ReviewsAftermath – Killing the Future Reissue (Divebomb)

Aftermath – Killing the Future Reissue (Divebomb)

Aftermath’s Killing the Future was originally released as a demo on cassette in 1987, but leave it up to the fine folks (er “folk,” which would be Matt Rudzinski) at Divebomb to dig up yet another lost relic from thrash’s storied past. Aftermath (who hail from Chicago), never made it out of unsigned status, going as far as to get a healthy mention in Kerrang where upon Don Kaye said the band were “too damn fast.” Definitely fast for 1987 standards, the uppity nature of Killing the Future is crossover thrash personified.

No real slow-down across any of the demo’s 10 songs (by the way, the thing has been carefully remastered and repackaged), the velocity in which the guitars of Steve Sacco go is indeed, pretty damn fast. Vocalist Charlie Tsiolis is never too far behind, though, particularly on the appropriately-named “Chaos,” which serves as the album’s real “wow” moment. Then again, there’s not much to mine from after that point, Aftermath getting a little too caught up in their speedy britches. The band’s tightness and tenaciousness is spirited, yeah, but so were a vast portion of competing bands at the time.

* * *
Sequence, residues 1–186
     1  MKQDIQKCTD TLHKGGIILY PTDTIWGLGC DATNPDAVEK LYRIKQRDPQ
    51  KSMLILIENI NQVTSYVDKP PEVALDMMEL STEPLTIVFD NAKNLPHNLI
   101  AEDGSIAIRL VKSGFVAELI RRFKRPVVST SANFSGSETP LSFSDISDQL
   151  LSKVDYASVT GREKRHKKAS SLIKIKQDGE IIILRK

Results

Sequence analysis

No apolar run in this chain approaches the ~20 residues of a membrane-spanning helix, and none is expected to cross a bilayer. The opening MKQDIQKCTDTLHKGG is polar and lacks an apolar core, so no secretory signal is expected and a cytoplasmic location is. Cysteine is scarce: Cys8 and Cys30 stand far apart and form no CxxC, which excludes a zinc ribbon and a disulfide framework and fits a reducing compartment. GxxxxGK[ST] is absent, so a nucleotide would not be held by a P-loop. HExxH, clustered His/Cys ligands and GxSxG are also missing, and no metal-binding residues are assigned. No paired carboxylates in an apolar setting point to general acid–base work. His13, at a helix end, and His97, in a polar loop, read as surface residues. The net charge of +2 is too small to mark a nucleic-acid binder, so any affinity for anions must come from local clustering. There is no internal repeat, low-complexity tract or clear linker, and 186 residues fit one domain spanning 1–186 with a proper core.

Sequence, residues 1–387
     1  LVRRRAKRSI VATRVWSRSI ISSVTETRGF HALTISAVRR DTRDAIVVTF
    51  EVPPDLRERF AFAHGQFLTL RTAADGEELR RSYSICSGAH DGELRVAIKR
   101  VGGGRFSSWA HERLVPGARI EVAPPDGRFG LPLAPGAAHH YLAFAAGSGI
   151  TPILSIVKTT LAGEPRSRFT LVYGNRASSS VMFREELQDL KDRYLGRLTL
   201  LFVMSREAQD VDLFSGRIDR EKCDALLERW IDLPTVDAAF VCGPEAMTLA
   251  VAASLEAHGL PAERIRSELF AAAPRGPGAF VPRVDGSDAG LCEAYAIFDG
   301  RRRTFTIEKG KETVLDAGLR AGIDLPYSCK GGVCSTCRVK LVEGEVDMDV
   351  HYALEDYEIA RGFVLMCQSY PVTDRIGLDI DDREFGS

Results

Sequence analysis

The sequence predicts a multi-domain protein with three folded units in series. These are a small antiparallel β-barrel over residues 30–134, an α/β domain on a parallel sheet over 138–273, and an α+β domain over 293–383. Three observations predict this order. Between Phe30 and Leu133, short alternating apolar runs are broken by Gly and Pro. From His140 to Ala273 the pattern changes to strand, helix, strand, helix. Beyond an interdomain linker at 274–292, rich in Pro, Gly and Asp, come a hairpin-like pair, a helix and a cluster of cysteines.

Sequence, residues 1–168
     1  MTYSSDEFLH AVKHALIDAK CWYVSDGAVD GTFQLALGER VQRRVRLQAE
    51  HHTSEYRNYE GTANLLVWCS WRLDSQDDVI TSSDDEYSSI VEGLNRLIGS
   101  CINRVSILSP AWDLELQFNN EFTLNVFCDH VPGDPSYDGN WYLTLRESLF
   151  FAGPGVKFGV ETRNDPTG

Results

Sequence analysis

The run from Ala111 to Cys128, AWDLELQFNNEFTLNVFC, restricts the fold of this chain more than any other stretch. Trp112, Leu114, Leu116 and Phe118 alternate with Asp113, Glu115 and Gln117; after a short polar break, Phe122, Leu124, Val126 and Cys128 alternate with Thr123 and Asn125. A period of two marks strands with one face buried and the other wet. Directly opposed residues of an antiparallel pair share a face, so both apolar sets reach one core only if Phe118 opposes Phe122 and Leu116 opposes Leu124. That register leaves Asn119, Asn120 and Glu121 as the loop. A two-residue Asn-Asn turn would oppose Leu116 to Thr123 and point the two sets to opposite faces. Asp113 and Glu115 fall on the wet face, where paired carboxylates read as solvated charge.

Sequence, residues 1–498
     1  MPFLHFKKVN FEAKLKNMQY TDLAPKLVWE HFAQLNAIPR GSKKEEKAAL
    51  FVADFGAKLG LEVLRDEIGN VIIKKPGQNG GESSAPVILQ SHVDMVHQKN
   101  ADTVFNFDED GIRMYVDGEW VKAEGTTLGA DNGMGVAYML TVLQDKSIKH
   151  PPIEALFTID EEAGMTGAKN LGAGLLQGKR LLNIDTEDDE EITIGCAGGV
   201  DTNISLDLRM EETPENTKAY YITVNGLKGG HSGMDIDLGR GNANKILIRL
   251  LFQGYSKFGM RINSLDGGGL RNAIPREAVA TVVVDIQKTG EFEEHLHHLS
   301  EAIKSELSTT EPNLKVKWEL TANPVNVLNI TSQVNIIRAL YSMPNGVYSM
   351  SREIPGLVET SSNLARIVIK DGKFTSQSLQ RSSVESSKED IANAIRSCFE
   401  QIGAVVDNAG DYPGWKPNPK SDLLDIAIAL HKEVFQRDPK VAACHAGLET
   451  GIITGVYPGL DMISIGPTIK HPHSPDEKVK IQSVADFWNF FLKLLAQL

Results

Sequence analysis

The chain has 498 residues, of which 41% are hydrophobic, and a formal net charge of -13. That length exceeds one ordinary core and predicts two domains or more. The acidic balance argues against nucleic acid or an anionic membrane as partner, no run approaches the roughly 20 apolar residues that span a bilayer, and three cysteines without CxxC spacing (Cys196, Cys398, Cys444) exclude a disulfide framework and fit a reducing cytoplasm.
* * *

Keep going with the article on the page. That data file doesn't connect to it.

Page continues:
The Aftermath story didn’t end with Killing the Future. They would go on to gradually alter the sound (read: they varied things up to where the songs were slower and had more dynamics), leading up to the release of their lone album, 1994’s Eyes of Tomorrow. Heck, the band even rebranded themselves as Mother God Moviestar for a run in the late 90s, yet the real focus will always be on Aftermath’s mid-to-late 80s years, Killing the Future being the most significant release. It’s certainly worth a go if high-action crossover thrash is your ‘thang.

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